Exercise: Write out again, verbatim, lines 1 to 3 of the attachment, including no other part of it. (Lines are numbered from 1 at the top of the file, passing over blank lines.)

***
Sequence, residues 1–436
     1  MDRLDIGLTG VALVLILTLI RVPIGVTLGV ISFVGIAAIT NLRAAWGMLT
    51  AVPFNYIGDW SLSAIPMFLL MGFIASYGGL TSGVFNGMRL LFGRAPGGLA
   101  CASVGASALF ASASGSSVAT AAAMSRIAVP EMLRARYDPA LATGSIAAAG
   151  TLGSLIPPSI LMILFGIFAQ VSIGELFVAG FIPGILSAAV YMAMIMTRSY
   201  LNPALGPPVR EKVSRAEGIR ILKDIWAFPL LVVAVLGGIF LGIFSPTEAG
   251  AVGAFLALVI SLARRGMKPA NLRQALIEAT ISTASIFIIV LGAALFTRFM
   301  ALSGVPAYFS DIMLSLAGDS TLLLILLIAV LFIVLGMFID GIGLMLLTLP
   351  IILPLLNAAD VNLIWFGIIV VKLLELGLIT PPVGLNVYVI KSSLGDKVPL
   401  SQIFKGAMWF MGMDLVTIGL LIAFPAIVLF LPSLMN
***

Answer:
Sequence, residues 1–436
     1  MDRLDIGLTG VALVLILTLI RVPIGVTLGV ISFVGIAAIT NLRAAWGMLT
    51  AVPFNYIGDW SLSAIPMFLL MGFIASYGGL TSGVFNGMRL LFGRAPGGLA